On a day toward the tail end of winter quarter, the student body government at the UC San Diego School of Global Policy and Strategy (GPS) is gathered in the dean’s conference room. The words “lame duck” are thrown out in the banter preceding the official GO GPS meeting.
Though used jokingly, the term is somewhat appropriate. The group is in transition, with the old administration ushering in—or initiating—the newly elected. As such, this meeting begins with an icebreaker entailing questions and goofy rules to answer them. Eventually, all eyes are on Jeanne Marasigan.
Amid dancing the “Macarena,” she must answer the question, “What do you love most about GPS?” From there, it’s the atmosphere of the room itself—the laughs, acceptance of her dance moves and agreement of response—that speaks to what Marasigan appreciates most about the School, particularly as a 2018 BA/MIA candidate.
“Knowing I would be younger than my colleagues, I worried I wouldn’t fit in,” she explained of the program that incorporates graduate-level coursework into the final year of study for a B.A. in International Studies at UC San Diego. “But the opposite happened. … I’ve developed lifelong friends.”
In complement to our Storify tour of a day in the life of Marasigan, we also asked her a couple of questions for more on what led her to pursue the program and what it entails today.
How did the BA/MIA at GPS come on your radar?
“UC San Diego is well known for its economics program. That’s what I actually had my eye on when I wanted to transfer from San Diego City College. Investigating that ended up being my gateway to discovering GPS’s BA/MIA program at Transfer Triton Day, where I spoke to another BA/MIA who told me about his experience. It sounded amazing, the fact you can get a master’s while finishing your bachelor’s. This program was such a good deal, especially considering my career goals.
I want to end up in the private sector, specifically the sustainable energy sector. I’m not sure what that is going to look like. But I want to be able utilize my technical skills, and I’m confident this program is positioning me well for it.”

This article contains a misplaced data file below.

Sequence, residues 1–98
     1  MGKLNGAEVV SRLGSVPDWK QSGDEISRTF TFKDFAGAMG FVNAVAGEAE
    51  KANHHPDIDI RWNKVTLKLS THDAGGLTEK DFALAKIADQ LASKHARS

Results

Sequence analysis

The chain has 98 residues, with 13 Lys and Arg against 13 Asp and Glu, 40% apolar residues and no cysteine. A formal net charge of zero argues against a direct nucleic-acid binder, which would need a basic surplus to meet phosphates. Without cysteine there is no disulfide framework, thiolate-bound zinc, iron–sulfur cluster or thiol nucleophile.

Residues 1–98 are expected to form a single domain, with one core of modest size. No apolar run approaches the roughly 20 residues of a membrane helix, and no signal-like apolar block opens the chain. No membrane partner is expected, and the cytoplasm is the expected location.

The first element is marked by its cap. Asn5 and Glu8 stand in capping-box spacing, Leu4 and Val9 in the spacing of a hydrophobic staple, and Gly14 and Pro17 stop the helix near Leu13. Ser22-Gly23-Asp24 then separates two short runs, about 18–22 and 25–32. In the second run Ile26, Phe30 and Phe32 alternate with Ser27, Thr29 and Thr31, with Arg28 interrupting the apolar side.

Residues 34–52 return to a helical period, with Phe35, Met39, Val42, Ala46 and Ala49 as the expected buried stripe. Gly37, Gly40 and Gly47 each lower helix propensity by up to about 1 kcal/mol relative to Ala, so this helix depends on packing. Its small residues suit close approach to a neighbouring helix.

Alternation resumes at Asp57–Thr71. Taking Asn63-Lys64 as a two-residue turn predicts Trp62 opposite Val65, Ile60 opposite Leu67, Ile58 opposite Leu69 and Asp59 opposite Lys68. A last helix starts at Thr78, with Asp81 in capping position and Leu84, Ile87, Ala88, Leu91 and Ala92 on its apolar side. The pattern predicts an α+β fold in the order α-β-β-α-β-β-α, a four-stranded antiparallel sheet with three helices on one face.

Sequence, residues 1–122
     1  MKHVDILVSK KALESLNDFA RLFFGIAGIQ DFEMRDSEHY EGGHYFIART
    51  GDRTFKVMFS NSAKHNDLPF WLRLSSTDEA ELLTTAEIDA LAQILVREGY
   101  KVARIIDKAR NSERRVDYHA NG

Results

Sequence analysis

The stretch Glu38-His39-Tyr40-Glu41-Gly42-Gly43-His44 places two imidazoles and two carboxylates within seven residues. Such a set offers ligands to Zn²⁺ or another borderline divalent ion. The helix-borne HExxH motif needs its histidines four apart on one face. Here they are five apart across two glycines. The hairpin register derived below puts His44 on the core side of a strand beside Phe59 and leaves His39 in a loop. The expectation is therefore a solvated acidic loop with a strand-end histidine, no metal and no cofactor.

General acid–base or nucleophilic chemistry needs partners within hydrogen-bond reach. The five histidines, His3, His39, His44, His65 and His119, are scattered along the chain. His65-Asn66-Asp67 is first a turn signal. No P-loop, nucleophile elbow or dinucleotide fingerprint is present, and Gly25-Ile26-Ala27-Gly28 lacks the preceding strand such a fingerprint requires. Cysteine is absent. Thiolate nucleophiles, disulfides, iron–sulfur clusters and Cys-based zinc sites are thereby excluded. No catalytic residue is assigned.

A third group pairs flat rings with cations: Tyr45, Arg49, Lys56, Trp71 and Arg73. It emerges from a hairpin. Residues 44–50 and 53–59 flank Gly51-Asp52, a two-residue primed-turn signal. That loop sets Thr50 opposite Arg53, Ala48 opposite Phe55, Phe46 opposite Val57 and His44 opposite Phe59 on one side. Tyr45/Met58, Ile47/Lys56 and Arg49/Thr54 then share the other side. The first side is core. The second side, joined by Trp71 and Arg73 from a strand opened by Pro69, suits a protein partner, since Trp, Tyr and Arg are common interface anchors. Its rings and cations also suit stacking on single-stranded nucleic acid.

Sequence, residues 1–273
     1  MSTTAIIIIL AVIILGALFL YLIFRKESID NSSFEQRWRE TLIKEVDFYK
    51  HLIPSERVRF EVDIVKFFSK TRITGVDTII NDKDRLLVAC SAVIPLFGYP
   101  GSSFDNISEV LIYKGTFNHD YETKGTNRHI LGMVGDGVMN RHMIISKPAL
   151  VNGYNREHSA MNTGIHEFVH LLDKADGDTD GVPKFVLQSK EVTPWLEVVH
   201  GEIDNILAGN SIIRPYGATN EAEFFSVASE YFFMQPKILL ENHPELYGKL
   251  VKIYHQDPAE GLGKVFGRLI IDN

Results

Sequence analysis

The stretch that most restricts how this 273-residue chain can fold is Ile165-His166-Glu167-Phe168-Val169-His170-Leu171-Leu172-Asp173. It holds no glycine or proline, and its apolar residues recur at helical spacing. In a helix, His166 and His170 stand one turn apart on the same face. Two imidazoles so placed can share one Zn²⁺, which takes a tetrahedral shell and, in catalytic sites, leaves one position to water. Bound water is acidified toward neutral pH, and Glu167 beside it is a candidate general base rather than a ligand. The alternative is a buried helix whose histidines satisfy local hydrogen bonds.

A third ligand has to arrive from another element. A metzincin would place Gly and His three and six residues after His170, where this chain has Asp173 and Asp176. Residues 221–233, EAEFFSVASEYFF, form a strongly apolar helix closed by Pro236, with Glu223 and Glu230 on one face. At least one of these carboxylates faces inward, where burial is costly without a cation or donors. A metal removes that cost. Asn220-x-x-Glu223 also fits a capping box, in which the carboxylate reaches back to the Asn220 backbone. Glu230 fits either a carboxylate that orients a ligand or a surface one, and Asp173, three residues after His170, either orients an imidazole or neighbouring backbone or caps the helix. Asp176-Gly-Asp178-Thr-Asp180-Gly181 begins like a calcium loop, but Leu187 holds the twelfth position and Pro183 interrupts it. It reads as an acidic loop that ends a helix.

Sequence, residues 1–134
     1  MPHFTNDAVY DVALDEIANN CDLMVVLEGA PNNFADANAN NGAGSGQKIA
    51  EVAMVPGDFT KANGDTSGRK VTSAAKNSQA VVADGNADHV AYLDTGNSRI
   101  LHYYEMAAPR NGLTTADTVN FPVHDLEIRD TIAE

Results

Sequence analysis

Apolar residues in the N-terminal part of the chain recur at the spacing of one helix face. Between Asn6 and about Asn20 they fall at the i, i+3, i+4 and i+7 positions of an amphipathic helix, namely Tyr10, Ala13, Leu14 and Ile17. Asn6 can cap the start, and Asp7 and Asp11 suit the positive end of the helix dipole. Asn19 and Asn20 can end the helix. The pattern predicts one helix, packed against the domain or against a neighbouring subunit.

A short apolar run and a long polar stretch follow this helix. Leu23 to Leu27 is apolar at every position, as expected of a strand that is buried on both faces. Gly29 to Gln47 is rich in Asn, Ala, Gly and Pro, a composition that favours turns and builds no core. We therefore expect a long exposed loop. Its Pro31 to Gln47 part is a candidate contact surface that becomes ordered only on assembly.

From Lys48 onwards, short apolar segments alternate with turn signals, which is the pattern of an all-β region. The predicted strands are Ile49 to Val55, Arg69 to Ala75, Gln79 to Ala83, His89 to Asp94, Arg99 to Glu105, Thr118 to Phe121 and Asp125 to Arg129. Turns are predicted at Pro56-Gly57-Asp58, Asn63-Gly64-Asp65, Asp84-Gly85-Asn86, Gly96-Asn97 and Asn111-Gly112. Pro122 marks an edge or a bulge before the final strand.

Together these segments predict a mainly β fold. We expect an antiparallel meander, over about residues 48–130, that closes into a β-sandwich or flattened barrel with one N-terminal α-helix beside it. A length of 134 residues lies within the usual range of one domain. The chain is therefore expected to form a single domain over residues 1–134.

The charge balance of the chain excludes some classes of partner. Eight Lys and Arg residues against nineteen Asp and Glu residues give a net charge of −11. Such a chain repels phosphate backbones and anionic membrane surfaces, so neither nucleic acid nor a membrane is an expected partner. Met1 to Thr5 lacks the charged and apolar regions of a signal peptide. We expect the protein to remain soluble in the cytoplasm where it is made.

Now, do you feel like a graduate student at GPS or an undergraduate student attending GPS?
“I feel like a graduate student at GPS, and I love it. The funny thing is my classmates can’t tell I’m in the BA/MIA program until I mention it. Up to that point, they assume I’m in the MIA program. Knowing I would be younger than my colleagues, I worried I wouldn’t fit in. But the opposite happened. Everyone meshed really well together. One of my favorite things about the School is it’s small and intimate. My friends and I always joke about being in our little ‘bubble’ here in GPS. But it’s one of my favorite things about it. It’s the perfect environment to get close with faculty, colleagues and friends. I know it’s only the second quarter, but I’ve already developed lifelong friends.”
Is there a particular class or professor that already has made an impact on you?
“In the first quarter, Assistant Professor Gordon McCord taught managerial economics, and there were a lot of important takeaways from that class that are very applicable to current events. It was a challenging yet rewarding class.
Then there’s Assistant Professor Jennifer Burney, who teaches Quantitative Methods II. She’s probably one of the best professors for it. She’s aware of where we are and how overwhelming the material can be, but she keeps our heads above the water.”